Deploying R Models and Routines R is a great tool for exploring data. Prototyping is fast and the language is expressive. But, there aren’t many options for deploying R models and routines in production.

This is partly because R is slow. What it gains in flexibility it sacrifices in performance. This makes it difficult to operationalize R models as production-ready web services. 

There are two main obstacles with deploying R models and routines into production for low-latency real-time analytical tasks: technical and organizational.

For enterprises that have a data science team, it’s common to use R for data mining and predictive modeling. R is fantastic at this.

However, it’s difficult to integrate R into the enterprise or web development stack. These stacks tend to use Java, Scala, Python (Django; Flask), JavaScript (Node.js), Ruby (Rails), and others. You won’t find  R.

This creates a gap between the statistical work done by analysts and data scientists, and the integration required by developers.

To get your R model or routine integrated into a scaled, production application is non-trivial work. It can be a slow, arduous process that typically requires your development team to rewrite the statistical implementation and port logic.

Not to mention, this work competes with other business priorities and sucks time and resources away from your development team.

Here’s how we solve the technical and operational issues:

  1. Write your R models and routines in your local environment.
  2. Deploy them as production-ready microservices on Algorithmia.
  3. Update your models and routines on the fly — each microservice is versioned.

When deployed, the model becomes a scalable web service available as a REST API endpoint.

Your developers can use this endpoint to call your model using our clients for Java, Scala, Python, JavaScript, Node.js, Ruby, and Rust. No code rewrites required.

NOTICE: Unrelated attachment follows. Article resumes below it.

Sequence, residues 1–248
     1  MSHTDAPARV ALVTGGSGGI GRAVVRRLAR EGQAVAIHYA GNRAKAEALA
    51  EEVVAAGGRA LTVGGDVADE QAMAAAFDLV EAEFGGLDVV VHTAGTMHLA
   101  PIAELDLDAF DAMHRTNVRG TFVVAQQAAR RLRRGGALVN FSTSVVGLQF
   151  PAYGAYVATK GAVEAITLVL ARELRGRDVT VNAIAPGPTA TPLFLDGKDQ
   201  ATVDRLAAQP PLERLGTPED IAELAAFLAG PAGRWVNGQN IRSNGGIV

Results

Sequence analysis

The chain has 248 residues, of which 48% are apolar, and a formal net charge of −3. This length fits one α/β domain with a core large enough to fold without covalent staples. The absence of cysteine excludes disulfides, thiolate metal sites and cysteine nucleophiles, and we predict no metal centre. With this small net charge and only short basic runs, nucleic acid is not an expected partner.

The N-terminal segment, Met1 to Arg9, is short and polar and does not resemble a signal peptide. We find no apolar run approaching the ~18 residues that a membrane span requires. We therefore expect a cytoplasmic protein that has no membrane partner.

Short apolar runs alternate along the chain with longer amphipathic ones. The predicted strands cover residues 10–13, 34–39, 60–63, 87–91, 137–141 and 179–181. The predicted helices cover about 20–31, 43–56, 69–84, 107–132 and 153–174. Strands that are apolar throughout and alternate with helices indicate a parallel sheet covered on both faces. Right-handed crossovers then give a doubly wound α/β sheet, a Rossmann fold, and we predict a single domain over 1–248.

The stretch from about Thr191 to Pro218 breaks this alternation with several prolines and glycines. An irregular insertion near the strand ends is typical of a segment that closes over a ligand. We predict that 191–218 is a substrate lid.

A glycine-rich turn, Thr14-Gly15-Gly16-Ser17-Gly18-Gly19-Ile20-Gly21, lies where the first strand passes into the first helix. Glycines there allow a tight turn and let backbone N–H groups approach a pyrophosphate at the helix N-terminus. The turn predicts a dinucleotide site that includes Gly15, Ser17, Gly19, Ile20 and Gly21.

By deploying your R models as microservices, data scientists and analysts are now empowered to deploy and update their models used in production. This reduces the coordination, work, and resources required of the DevOps and engineering teams.

In effect, by operationalizing this pipeline you’re closing the loop. There is no longer a gap between local analysis and the predictive analytics running in a production environment.

We see three things wrong with not empowering your data science team to build and deploy their models and routines:

  1. Loss of Return on Investment. It can take months to rewrite R code into the programming language used by your production stack. How much is that costing you?
  2. Data Scientists Managing IT Projects. You want your employees adding value to your enterprise. You don’t want them spending scarce time project managing and QA’ing the reimplementation details. You’d rather have your data science team producing models and simply validating they’re working in production.
  3. Opportunity Cost. What could your data science and development teams be working on if they weren’t reimplementing models? Every update requires more work. Today, every update requires your engineering team to spend time operationalizing this: rewriting the model into your stack’s programming language, QA’ing, validating, and scaling infrastructure.

What if this was streamlined?

With full R development support, R users can now deploy their predictive models and analytical routines as production-ready API’s without ever having to provision, configure, or manage servers or infrastructure.

Learn more about deploying your R models and analytical routines as production-ready microservices.

Learn more about microservices in our Introduction to Microservices blog post.